Jiangsu is a long, narrow province hugging the coast south of Shandong. Low-lying, flat and wet, it is one of China’s most fertile and long-inhabited areas. Today, much of it is industrial sprawl, but there are a few gems among all the new factory towns; provincial capital Nanjing is one of the country’s great historical cities, while ancient Suzhou is famous throughout China for its gardens and silk production.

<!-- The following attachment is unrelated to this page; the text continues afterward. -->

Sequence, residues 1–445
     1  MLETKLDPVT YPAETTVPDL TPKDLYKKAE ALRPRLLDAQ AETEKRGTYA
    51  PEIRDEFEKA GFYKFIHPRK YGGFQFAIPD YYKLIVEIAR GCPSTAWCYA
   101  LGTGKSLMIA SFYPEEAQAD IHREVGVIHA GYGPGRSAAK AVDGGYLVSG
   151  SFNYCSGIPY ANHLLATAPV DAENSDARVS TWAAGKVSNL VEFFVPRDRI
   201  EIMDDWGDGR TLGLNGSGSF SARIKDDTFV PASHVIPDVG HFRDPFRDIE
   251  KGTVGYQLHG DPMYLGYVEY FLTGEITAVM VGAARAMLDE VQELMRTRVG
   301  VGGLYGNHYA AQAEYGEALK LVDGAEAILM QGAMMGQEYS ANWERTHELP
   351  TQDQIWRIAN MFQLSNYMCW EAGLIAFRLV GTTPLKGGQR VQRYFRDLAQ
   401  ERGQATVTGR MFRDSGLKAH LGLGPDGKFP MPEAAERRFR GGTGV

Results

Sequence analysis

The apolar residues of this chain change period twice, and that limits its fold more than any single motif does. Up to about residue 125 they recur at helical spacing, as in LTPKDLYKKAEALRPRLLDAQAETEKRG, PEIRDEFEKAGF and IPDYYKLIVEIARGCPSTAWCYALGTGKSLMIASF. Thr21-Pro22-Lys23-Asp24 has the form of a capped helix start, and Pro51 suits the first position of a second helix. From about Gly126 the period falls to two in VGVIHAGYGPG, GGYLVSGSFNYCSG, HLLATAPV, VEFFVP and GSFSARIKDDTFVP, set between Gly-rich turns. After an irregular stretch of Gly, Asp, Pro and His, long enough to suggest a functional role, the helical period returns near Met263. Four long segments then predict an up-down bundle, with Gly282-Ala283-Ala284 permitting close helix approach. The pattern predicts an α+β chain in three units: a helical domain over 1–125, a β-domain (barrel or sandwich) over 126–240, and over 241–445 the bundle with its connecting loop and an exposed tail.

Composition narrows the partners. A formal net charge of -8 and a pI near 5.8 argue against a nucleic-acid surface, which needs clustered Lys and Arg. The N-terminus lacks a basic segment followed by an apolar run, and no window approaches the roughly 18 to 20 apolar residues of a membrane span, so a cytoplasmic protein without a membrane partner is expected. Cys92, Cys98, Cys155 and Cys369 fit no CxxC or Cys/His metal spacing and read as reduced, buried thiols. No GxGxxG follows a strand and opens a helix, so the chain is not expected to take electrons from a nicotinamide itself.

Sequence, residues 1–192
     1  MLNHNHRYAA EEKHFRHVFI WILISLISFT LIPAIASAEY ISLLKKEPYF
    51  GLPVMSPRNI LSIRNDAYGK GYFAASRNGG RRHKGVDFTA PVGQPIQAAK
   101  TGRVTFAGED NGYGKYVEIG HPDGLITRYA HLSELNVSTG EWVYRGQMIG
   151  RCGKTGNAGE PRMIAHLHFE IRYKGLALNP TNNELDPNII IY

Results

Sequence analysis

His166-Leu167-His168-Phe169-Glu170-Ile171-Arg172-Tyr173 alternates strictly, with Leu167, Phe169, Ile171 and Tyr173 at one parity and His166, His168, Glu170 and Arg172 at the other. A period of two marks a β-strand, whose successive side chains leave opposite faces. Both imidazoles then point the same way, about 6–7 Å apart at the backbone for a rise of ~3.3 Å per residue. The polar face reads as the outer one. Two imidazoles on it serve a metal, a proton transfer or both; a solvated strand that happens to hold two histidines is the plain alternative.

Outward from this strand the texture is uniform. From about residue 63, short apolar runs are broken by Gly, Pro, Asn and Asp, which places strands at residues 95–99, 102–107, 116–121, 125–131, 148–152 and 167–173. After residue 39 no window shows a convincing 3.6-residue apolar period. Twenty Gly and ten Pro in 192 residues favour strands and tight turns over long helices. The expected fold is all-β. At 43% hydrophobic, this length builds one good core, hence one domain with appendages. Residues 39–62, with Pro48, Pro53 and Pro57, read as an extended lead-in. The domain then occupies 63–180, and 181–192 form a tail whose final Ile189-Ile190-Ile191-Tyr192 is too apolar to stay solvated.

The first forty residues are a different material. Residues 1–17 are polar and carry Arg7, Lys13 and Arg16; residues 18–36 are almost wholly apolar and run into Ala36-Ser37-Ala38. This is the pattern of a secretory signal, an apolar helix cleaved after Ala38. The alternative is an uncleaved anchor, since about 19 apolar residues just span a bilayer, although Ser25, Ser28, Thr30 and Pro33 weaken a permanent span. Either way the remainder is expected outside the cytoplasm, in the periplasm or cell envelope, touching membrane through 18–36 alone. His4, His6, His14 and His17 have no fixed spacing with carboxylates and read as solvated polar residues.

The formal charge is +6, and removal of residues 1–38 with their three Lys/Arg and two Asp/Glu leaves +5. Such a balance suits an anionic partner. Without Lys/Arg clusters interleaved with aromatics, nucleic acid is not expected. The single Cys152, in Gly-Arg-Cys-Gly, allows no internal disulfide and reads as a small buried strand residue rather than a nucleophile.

Visiting the region, you find yourself in a world of water. The whole area is intensively drained, canalized, irrigated and farmed, and the rivers, canals and lakes which web the plain give it much of its character. The traditional way to travel here was by boat, with the Grand Canal once navigable all the way from Hangzhou in Zhejiang province to Beijing. The province’s other great water highway – the Yangzi River – connects Nanjing with Shanghai, ensuring that trade from both east and west continues to bring wealth to the region.

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